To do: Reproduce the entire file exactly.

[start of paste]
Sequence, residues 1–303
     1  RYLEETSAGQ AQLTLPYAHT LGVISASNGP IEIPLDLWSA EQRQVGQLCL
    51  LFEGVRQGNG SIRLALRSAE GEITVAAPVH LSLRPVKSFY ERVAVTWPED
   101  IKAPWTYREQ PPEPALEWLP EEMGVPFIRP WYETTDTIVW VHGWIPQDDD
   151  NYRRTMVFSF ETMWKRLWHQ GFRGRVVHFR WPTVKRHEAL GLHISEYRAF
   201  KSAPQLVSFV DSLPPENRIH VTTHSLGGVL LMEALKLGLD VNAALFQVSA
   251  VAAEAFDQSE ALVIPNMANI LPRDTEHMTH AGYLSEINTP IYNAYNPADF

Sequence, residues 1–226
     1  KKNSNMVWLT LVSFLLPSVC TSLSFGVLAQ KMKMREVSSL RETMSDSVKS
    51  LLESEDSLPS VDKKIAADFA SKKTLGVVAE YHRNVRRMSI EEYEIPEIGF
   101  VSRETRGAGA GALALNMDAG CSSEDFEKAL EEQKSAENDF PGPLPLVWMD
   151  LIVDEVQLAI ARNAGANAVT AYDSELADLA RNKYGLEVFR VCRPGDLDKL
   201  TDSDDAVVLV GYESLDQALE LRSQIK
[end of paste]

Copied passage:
Sequence, residues 1–303
     1  RYLEETSAGQ AQLTLPYAHT LGVISASNGP IEIPLDLWSA EQRQVGQLCL
    51  LFEGVRQGNG SIRLALRSAE GEITVAAPVH LSLRPVKSFY ERVAVTWPED
   101  IKAPWTYREQ PPEPALEWLP EEMGVPFIRP WYETTDTIVW VHGWIPQDDD
   151  NYRRTMVFSF ETMWKRLWHQ GFRGRVVHFR WPTVKRHEAL GLHISEYRAF
   201  KSAPQLVSFV DSLPPENRIH VTTHSLGGVL LMEALKLGLD VNAALFQVSA
   251  VAAEAFDQSE ALVIPNMANI LPRDTEHMTH AGYLSEINTP IYNAYNPADF

Sequence, residues 1–226
     1  KKNSNMVWLT LVSFLLPSVC TSLSFGVLAQ KMKMREVSSL RETMSDSVKS
    51  LLESEDSLPS VDKKIAADFA SKKTLGVVAE YHRNVRRMSI EEYEIPEIGF
   101  VSRETRGAGA GALALNMDAG CSSEDFEKAL EEQKSAENDF PGPLPLVWMD
   151  LIVDEVQLAI ARNAGANAVT AYDSELADLA RNKYGLEVFR VCRPGDLDKL
   201  TDSDDAVVLV GYESLDQALE LRSQIK